A brand-new study finds that the majority of images associated with health topics on stock photography websites are of light-skinned people within a fairly narrow age variety, making it harder– and expensive– for companies to produce health education products focused on reaching other groups.
The findings are substantial due to the fact that using images relevant to audiences is a crucial factor in effective communication and outreach efforts. If numerous populations are not well represented on stock photography websites, it’s more difficult to develop effective communication tools to reach those populations.
“Lots of organizations that produce health outreach materials count on stock photography sites to produce those materials,” says Michelle Jewell, co-author of the study and a science communicator in the Department of Applied Ecology at North Carolina State University. “In a lot of cases, companies that produce outreach products for minoritized groups or populations with lower socioeconomic status have restricted resources, which worsens the challenges they face in producing efficient products that reflect the publics they serve.”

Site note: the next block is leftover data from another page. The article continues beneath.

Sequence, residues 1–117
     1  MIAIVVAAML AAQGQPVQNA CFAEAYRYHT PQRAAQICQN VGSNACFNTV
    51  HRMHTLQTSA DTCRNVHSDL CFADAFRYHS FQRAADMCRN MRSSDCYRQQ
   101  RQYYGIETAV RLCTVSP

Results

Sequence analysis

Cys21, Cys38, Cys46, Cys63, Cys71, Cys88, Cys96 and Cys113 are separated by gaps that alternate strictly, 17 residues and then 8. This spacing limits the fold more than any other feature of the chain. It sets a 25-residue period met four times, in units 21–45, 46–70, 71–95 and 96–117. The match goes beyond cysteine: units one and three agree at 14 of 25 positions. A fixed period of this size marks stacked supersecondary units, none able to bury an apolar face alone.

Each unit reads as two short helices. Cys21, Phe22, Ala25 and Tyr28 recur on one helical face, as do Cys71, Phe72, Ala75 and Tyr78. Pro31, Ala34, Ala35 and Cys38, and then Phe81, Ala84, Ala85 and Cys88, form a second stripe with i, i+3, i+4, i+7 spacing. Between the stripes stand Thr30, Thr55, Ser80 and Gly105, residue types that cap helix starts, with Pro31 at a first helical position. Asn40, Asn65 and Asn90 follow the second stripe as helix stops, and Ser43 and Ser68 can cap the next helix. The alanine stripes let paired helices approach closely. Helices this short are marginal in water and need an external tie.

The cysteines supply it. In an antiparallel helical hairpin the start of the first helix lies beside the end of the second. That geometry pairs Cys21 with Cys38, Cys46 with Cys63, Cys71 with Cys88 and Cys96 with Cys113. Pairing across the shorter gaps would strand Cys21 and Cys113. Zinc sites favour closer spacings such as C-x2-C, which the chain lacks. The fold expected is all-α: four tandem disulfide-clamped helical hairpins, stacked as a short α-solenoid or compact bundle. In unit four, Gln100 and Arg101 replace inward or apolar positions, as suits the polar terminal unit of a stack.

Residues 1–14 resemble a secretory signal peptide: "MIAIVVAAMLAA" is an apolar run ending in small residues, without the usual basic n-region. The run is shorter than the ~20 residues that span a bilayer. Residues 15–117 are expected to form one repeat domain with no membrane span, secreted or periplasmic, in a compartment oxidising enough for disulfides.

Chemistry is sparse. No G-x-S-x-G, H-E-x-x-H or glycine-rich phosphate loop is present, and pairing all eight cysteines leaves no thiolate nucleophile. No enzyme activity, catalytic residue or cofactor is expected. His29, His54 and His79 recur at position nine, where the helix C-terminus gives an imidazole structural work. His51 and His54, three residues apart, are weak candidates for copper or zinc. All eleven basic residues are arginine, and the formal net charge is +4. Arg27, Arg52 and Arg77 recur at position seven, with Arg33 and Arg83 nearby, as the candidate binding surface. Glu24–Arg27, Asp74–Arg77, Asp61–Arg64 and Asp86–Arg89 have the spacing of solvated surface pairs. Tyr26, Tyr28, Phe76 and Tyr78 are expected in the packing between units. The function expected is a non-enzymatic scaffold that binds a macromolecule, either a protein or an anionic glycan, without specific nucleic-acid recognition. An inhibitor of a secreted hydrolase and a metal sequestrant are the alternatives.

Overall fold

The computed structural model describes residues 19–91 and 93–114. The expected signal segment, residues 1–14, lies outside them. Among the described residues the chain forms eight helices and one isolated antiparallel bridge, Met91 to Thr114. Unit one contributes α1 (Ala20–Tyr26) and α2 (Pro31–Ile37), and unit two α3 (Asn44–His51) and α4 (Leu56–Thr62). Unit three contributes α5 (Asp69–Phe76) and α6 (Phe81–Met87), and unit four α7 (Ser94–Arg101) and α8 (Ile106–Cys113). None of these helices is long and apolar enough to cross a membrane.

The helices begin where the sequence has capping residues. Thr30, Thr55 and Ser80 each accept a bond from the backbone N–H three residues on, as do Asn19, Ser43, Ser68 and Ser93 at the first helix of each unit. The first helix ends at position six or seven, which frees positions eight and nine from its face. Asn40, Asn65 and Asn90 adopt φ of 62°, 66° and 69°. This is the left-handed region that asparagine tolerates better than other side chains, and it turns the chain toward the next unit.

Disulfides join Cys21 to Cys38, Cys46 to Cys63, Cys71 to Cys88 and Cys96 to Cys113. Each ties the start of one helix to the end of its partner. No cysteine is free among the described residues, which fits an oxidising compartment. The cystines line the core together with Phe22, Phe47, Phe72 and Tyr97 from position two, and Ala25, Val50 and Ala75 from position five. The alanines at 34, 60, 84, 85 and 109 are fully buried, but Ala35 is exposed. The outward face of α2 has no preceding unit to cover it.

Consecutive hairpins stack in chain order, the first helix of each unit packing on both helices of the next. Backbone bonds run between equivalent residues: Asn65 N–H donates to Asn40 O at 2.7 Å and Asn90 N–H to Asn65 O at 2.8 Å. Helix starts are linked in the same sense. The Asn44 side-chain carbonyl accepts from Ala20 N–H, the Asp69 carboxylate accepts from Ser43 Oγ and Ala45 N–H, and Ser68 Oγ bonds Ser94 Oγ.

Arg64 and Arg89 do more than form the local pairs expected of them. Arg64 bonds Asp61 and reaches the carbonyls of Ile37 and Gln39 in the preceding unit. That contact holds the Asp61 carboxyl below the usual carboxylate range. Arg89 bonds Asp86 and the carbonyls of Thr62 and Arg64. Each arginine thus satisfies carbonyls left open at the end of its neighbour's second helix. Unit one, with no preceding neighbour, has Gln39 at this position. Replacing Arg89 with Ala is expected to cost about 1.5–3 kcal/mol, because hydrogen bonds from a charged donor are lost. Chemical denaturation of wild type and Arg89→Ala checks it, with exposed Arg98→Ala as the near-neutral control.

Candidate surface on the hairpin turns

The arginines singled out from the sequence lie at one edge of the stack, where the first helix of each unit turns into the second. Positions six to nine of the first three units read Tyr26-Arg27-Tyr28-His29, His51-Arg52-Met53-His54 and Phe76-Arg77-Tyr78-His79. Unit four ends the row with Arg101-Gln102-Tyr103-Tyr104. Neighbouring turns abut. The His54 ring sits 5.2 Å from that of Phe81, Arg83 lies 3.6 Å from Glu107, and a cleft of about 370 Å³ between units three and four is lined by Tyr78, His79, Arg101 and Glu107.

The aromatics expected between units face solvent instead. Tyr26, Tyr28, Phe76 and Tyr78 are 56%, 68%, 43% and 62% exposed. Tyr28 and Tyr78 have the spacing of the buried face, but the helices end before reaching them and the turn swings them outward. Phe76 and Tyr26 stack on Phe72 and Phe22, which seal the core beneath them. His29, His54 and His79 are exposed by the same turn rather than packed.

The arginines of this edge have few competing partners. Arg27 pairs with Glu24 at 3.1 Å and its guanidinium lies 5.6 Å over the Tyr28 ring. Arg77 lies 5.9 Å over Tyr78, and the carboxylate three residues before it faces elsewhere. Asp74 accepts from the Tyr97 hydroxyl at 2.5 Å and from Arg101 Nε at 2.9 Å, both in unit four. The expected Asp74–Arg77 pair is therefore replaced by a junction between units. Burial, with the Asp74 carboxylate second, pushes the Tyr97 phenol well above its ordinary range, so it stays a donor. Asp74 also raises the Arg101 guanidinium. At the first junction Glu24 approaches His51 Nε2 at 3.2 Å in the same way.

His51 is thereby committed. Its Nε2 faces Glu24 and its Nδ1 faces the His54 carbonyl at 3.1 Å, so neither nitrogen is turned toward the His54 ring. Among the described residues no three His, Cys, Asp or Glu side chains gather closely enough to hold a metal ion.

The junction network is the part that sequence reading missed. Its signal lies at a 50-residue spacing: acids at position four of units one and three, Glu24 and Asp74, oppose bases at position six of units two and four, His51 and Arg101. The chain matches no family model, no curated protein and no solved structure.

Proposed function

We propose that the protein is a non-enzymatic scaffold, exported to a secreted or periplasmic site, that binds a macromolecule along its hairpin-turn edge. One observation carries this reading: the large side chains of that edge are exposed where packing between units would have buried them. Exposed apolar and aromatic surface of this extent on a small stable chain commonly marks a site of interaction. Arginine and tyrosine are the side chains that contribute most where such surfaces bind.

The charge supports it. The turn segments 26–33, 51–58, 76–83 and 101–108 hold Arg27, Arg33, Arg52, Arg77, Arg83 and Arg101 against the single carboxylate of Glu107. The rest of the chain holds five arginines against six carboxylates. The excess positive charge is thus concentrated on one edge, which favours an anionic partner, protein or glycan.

The researchers likewise found a substantial difference in between the variety present on images offered on complimentary stock photography sites versus on websites that need users to spend for stock pictures.
“Images on stock image sites with paywalls were substantially most likely to depict a person of viewed minoritized racial/ethnic identity and darker skin tones,” says Catherine LePrevost, co-author of the study and an associate extension professor of used ecology at NC State. “The pay websites were also less likely to include markers of high socioeconomic status than images in databases that were free to use.”
“Simply put, it is harder to find health-relevant photos of individuals who are not light-skinned and upper class,” Jewell says. “And when you do discover them, they are more likely to come with a cost.”
The researchers launched the study after they struggled to discover a stock image of a Latina pregnant lady for an unrelated science communication effort.
“Anecdotally, this absence of representation in stock photography is a well-known issue among expert communicators,” Jewell says. “We wished to quantify the problem to get a better understanding of the scope of the issue.”
For the study, the scientists concentrated on five extensively used stock image libraries, and browsed each of those websites for 5 health-related terms: healthy consuming, exercising, quitting cigarette smoking, vaccination, and pregnancy.